Being in ministries where we hear the personal stories of wounded souls on a daily basis, Mark and I know this number is not negligible. Sadly, there seems to be a consistent theme in too many narratives: physically or emotionally absent fathers, raging fathers, alcoholic fathers, abusive fathers—fathers more like Zeus that the Father whom Jesus Christ came to reveal.

Ratzinger said in the same sermon on God:

The crisis of fatherhood we are experiencing today is a basic aspect of the crisis that threatens mankind as a whole. Where…the father is seen as a tyrant whose yoke must be thrown off, something in the basic structure of human existence has been damaged. (Joseph Ratzinger, The God of Jesus Christ: Meditations on the Triune God, 29)

Perhaps the “tenderness revolution” Pope Francis is launching will not only unleash mercy on the world, but will prompt a healing in fatherhood itself, one that “will turn the hearts of the fathers to their children, and the hearts of children to their fathers” (Malachi 3:24, Luke 1:17). Such a turn might convince us that God is not Zeus, but “Abba,” who is mercy, kindness, compassion and love. This is the truth that is revealed in Jesus Christ, and meant to be revealed by Christ in us, as a desperate world cries: “Show us the face of the Father!”

Note: This article was first published on Aleteia as "The Mercy Journal."

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Grace Upon Grace

Dear Friends, Many blessings to you and your families as we end 2015 and begin the new year.  Please know that I am praying for you and your intentions today at the Basilica of the Immaculate Conception in Washington, D.C..  May the Lord bless you abundantly in 2016 and grant you a fresh outpouring of His mercy and love.       Blessings and grace!    Judy  

Statue in the Crypt of the Basilica of the Immaculate Conception

We recall the poignant words of Saint John XXIII when, opening the (Second Vatican) Council, he indicated the path to follow: “Now the Bride of Christ wishes to use the medicine of mercy rather than taking up arms of severity.” Pope Francis, Misericordiae Vultus, par. 4

Carried tenderly through the Jubilee Door of Mercy at the Basilica of the Immaculate Conception by her parents, 10-day-old Grace Philomena would be baptized in just a few hours on this same special day—the Feast of the Holy Family in the Octave of Christmas during the Jubilee Year of Mercy.

Grace. God’s favor and unmerited gift. A perfect name for a baby conceived in an imperfect situation by unmarried young adults; yet a child welcomed, wanted, loved by God and by us. Moreover, a child soon to be infused with the grace of God, giving her the one identity that truly counts: child of God.

Standing in the crypt of the National Basilica, it was hard to miss the sense of being in the womb of the Church, the womb of the Bride of Christ, the womb of Mercy. I pondered the paradox of the God-man choosing to enter this world in an irregular and apparently scandalous situation, conceived before Joseph and Mary were living together as husband and wife, making Mary subject to stoning according to the demands of the law. Why that way, Lord? I have asked the question many times. I thought of Mary’s dilemma, about how difficult it must have been as she wondered how her situation would play out. I thought of all the months I worried about and prayed for Grace, asking God for his help that this situation, too, might play out well.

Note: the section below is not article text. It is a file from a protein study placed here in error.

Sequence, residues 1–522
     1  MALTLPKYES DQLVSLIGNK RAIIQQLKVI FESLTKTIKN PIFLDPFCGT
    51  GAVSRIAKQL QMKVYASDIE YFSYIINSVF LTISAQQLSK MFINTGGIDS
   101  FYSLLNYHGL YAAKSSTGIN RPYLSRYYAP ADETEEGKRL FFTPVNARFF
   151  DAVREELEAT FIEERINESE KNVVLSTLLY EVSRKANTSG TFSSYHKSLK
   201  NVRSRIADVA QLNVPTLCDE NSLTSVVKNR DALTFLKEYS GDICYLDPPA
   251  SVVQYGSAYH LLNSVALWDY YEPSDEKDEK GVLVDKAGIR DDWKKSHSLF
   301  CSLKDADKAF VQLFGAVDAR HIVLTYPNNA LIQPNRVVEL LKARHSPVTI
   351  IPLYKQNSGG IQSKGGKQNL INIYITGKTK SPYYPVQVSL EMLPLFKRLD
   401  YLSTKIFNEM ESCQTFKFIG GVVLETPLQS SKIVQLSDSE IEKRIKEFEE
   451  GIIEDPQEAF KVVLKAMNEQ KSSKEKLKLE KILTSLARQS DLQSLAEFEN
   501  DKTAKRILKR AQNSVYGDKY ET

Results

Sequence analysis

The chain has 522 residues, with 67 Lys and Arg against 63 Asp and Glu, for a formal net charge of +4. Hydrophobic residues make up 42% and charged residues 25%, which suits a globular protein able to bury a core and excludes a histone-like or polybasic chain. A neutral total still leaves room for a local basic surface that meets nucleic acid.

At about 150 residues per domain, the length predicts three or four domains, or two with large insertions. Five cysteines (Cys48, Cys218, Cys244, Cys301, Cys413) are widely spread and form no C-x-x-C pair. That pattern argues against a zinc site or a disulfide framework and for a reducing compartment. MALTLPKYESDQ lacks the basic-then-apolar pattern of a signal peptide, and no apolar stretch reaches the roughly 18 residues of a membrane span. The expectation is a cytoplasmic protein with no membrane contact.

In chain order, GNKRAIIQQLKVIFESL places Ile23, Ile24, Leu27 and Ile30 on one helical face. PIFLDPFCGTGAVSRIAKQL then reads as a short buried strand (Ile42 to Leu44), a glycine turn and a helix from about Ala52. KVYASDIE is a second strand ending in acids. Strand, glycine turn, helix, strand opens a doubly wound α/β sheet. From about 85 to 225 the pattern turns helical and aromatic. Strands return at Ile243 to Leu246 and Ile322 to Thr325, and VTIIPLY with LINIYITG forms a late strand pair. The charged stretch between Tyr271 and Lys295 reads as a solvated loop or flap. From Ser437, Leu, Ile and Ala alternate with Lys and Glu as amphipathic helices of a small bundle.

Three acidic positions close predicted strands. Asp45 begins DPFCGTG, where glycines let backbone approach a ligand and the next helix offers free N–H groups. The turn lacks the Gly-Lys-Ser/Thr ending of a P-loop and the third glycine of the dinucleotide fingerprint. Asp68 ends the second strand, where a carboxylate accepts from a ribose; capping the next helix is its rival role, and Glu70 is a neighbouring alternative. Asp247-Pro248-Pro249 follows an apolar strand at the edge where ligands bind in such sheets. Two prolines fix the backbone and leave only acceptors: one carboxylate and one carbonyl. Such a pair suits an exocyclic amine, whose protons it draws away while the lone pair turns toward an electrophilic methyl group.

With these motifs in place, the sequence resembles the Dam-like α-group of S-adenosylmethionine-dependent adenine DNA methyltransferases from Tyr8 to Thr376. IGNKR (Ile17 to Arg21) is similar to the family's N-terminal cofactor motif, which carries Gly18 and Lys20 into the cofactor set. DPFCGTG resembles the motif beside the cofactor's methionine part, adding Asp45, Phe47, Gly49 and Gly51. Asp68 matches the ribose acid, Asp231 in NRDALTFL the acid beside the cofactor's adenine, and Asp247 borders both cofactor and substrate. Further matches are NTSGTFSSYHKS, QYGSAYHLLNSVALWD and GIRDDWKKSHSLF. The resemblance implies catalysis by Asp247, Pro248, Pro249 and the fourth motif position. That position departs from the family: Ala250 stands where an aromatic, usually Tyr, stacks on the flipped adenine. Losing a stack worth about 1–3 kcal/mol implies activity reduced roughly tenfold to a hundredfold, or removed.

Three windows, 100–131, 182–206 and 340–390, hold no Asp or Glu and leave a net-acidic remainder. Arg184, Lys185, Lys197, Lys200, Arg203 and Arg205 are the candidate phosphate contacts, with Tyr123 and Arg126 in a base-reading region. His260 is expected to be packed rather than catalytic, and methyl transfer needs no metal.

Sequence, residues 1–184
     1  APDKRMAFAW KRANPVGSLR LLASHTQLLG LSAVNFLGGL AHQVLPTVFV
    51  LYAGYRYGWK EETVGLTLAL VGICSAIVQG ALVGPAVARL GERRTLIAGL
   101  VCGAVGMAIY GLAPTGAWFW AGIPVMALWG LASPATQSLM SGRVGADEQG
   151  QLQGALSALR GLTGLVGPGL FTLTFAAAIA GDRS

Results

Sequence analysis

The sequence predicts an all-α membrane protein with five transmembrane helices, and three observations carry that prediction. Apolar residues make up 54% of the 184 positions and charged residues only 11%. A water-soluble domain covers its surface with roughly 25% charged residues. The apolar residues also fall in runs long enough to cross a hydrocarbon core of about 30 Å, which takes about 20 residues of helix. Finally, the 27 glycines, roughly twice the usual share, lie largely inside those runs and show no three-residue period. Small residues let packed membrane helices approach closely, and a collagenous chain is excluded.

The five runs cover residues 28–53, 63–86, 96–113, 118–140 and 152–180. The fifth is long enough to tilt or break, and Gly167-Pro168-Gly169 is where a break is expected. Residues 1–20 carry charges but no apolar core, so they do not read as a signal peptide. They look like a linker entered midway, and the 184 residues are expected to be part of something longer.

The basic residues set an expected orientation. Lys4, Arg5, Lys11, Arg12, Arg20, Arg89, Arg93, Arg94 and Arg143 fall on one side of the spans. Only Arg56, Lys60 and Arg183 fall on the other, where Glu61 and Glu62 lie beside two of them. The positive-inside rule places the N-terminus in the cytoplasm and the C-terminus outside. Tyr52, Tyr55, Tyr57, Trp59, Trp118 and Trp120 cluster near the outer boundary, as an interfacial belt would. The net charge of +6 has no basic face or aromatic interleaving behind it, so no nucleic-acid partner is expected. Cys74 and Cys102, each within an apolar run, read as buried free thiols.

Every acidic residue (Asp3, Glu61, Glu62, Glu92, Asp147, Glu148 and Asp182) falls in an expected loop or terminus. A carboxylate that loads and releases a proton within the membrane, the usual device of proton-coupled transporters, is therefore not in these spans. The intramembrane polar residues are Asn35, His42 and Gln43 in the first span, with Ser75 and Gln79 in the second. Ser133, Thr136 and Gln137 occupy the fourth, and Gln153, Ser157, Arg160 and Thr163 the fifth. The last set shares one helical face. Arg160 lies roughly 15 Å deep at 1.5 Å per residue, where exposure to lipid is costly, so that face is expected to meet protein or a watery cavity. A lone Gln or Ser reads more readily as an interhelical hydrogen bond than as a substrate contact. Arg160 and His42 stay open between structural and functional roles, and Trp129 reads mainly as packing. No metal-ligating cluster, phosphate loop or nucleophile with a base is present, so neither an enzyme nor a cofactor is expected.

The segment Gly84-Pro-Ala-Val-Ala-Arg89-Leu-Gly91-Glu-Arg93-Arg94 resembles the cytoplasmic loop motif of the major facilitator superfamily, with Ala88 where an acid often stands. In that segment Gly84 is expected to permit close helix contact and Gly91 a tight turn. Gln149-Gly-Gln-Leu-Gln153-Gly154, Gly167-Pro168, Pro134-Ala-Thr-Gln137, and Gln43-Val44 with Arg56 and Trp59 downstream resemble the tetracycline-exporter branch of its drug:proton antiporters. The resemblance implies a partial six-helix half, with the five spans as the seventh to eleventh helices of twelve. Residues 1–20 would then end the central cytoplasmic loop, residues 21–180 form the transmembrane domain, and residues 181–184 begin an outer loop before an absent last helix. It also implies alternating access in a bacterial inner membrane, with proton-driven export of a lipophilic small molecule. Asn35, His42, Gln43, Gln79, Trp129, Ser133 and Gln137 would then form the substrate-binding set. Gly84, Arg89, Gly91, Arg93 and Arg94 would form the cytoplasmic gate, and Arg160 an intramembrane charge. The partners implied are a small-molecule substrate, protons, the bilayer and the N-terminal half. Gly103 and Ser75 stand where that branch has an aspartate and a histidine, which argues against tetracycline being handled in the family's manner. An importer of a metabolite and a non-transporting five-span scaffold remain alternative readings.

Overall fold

Then came Grace, on the birthday of Pope Francis—the pope who baptized the baby of unwed parents on the Feast of the Baptism of Jesus. And here we now stood on the Feast of the Holy Family holding Grace hours before her baptism, with grace holding us.

The last Gospel reading of the year proclaims: “From his fullness we have all received, grace upon grace; for the law was given through Moses, grace and truth came through Jesus Christ” (John 1:16-17, RSV). While the law was a teacher, grace is a healer. The law was a guide; but grace is a mother. The law foreshadowed Christ; grace gives us Christ. Grace welcomes Grace, making her a child of God “born not by natural generation or by human choice nor by a man’s decision but of God” (John 1:13).

“Were sin the only thing that mattered, we would be the most desperate of creatures,” Pope Francis said in his opening homily for the Jubilee Year of Mercy. “But the promised triumph of Christ’s love enfolds everything in the Father’s mercy.” That enfolding comes in many forms—all destined to beckon us to God.

I’ve watched an unborn baby call two confused young people to adulthood: to purpose, to promise, to love. I watch them now as they hold an infant daughter in their arms, presenting her to the Father of Mercies that she may be enfolded in his love. The law would have repudiated Mary. But grace embraces Grace, and her parents, with the medicine of mercy. The arms of severity have no place here, only the arms of love.

This post was previously published at Aleteia as The Mercy Journal.

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How The Gaze Of A Blind Man Healed My Sight

Happy birthday to our beautiful daughter, Kara, who has taught us all so much about love, and to our first grandson, James, who is such a gift of joy! Merry Christmas to you and your families!  May the Lord grant you a fresh outpouring of mercy and love!

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At times, we are called to gaze even more attentively on mercy.  Pope Francis, Misericordiae Vultus, par. 3.

Our Christmas girl, who turns thirty today, wanted only one gift that year. “For my birthday and Christmas present, I’d like a plane ticket to bring Richard to visit our family for the holidays,” Kara requested with all of the innocent fervor of her kind eighteen-year-old heart.

Richard was a middle-aged, legally blind man none of us had ever met. Living alone in Florida he’d heard Kara, a singer/songwriter, perform on EWTN’s “Life On the Rock.” He promptly found her website, and they formed a friendship centered upon letter writing and praying for each other’s needs. From what Richard shared, he loved the Lord deeply, and having no family, spent his days praying and watching Catholic television.